Worcester police arrested three people for refusing to leave a downtown homeless encampment on Wednesday night.

Activists, including people who are homeless, had set up the handful of tents in the parking lot of Worcester’s 60-bed temporary emergency shelter late Tuesday. The encampment was meant to be for people who’ve been denied beds at the shelter, which has been at capacity.

With hundreds of unhoused people in the city, the organizers argued that Worcester lacks enough safe shelter spaces. The shortage of beds has stemmed in part from multiple other shelters in Worcester closing in the past year.

The people at the encampment initially didn’t experience any resistance from the police. But they said that changed Wednesday afternoon when officers and representatives from the agency running the shelter — the South Middlesex Opportunity Council — accused them of trespassing. The shelter staff agreed to let more people in, and in return organizers would have to disassemble the tents.

When the activists responded that the offer didn’t meet their demands for more safe shelter spaces citywide, and they refused to leave, police began arresting them.

“One of the things that stands out to me from this experience is the lack of willingness to listen and to understand the lived experiences and the words of the people who are surviving homelessness and the opiate pandemic,” said Addison Turner, who helped organize the encampment and was arrested.

None of the homeless people sleeping at the encampment were arrested. Some of them decided to accept a spot in the shelter.

A spokesman for the Worcester Police Department said one of the activists who was arrested faces charges of assault and battery on a police officer. The spokesman deferred further comment to city officials.

In a statement, Worcester City Manager Eric Batista said officials made repeated efforts to bring people staying in the tents into the shelter without confrontation. Batista said he was disappointed about the way the events unfolded but did not elaborate about why police ended up clearing the encampment.

“The City of Worcester, SMOC [South Middlesex Opportunity Council], and partner agencies place a high priority on the safety, security, and quality of life of those experiencing homelessness and remain committed to finding viable solutions that meet everyone’s needs,” Batista said.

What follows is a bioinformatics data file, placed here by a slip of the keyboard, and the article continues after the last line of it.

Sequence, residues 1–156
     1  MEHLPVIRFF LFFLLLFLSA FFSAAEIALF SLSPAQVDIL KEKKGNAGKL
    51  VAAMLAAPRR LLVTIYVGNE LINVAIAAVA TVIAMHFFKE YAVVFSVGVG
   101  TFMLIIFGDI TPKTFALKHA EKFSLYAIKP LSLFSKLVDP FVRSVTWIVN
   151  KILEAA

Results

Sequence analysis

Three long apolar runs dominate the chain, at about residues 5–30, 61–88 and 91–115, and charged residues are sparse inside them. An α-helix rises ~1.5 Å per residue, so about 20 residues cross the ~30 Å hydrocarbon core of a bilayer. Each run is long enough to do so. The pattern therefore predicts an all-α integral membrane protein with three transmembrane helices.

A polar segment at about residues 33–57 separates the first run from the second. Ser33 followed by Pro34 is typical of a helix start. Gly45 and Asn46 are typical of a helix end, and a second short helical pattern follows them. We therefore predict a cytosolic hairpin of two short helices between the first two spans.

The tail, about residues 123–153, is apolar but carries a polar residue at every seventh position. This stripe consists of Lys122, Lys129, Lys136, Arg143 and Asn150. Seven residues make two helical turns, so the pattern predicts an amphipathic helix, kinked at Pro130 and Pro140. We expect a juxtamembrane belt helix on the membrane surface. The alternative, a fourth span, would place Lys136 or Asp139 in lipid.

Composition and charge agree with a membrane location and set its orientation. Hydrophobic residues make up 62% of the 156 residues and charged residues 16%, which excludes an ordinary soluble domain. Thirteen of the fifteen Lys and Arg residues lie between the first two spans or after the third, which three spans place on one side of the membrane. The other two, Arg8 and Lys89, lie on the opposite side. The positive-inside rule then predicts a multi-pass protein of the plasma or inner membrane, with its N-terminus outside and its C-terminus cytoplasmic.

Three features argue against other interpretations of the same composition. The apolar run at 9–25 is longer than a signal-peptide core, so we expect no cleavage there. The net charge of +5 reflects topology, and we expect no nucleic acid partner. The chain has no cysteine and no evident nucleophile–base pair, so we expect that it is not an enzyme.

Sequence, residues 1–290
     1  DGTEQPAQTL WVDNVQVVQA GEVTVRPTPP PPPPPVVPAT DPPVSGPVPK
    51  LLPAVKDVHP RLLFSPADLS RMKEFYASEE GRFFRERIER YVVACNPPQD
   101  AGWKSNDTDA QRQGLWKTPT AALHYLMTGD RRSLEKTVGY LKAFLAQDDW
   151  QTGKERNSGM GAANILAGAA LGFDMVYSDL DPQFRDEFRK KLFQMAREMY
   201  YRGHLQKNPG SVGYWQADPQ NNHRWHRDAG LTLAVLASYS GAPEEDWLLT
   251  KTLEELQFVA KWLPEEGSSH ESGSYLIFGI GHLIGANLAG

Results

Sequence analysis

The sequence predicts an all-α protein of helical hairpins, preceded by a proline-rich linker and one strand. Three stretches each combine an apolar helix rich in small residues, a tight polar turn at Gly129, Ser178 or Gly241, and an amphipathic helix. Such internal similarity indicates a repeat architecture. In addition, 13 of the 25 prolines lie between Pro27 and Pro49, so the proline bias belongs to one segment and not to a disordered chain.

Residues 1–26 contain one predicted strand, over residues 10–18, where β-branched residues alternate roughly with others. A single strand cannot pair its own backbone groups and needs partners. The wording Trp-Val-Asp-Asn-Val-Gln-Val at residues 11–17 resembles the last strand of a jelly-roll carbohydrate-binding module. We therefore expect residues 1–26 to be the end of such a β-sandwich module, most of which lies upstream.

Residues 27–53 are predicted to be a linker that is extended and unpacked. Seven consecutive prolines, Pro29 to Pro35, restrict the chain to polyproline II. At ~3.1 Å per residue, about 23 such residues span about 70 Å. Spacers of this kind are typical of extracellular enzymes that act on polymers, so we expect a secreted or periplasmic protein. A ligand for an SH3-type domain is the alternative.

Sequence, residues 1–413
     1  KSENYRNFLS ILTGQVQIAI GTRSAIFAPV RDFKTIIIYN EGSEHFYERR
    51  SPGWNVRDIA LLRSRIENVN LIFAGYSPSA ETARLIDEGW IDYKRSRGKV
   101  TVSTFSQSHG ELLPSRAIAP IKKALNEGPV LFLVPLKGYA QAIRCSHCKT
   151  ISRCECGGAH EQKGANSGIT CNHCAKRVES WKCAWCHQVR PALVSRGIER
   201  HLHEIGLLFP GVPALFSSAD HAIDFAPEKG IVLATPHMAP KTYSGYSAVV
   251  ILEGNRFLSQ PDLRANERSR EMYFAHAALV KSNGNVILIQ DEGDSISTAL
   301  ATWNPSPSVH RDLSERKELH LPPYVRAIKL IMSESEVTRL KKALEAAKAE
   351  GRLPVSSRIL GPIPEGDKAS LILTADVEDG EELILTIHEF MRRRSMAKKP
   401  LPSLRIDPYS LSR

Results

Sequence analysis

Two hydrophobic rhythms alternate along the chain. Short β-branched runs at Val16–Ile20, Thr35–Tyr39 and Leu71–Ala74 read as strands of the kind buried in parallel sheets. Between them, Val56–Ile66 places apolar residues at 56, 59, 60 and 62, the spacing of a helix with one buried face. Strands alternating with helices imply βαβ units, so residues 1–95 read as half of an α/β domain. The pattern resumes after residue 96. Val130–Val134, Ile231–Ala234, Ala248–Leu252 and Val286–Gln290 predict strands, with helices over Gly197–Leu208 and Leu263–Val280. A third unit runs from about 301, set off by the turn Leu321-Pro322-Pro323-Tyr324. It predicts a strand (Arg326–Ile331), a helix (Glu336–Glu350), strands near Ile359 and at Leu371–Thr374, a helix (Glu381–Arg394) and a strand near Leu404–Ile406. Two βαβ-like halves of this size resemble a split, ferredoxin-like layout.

The South Middlesex Opportunity Council has not responded to multiple requests for comment.

The temporary emergency shelter opened in December as a way for people to avoid the cold. Shelter staff have required that people fill out an application before giving out beds on a first-come, first-served basis.

Activists said they were frustrated that the shelter has 45 beds for men but just 15 for women. Staff also have not been allowing trans people in, according to Turner and Jennifer Baez, a transgender woman who says she was turned away from the shelter.

Worcester’s shortage of safe spaces for women has become increasingly acute after one of the only overnight women’s shelters in the area closed in part because the city stopped funding it. No new women’s shelter has opened as a replacement. As a result, Turner said many homeless women, a lot of whom are survivors of sexual assault and the sex trade, have nowhere safe to go.

“I’d put it as just misogyny with the shelters and services that are available,” he said.

Krystle Beeso, a homeless woman who spent Tuesday night at the encampment, added that the police department’s sweep exemplifies the Catch-22 for many homeless people in Worcester. If they camp outside and don’t go to a shelter, police officers threaten to arrest them and clear their encampment. But with shelters full, all they can do is camp outdoors.

“Where can we go? I don’t choose to stay outside,” Beeso said.

A Worcester spokesman said the number of beds reserved for men and women in the emergency shelter is based on U.S. Census data for homeless people in Worcester. The allocation of beds can be adjusted based on need, the spokesman said.

The encampment sweep came a day after Worcester City Council discussed an increase in homeless people seeking shelter during the day in the city’s downtown public library. During an interview Thursday, vice chair of the council Khrystian King said the encampment and subsequent arrests reflected the shortcomings of the response to homelessness in Worcester and beyond.

“We have to continue to build towards making sure that we have capacity for this population,” he said. “That folks … have safe spaces in our shelters.”

Updated: January 13, 2024
This story was updated to clarify that the activists at the encampment included people who are homeless.
Updated: January 12, 2024
This story was updated with additional details on the city’s reason for the gender split of the emergency shelter.
Updated: January 11, 2024
This story has been updated to include a response from city officials and the Worcester Police Department.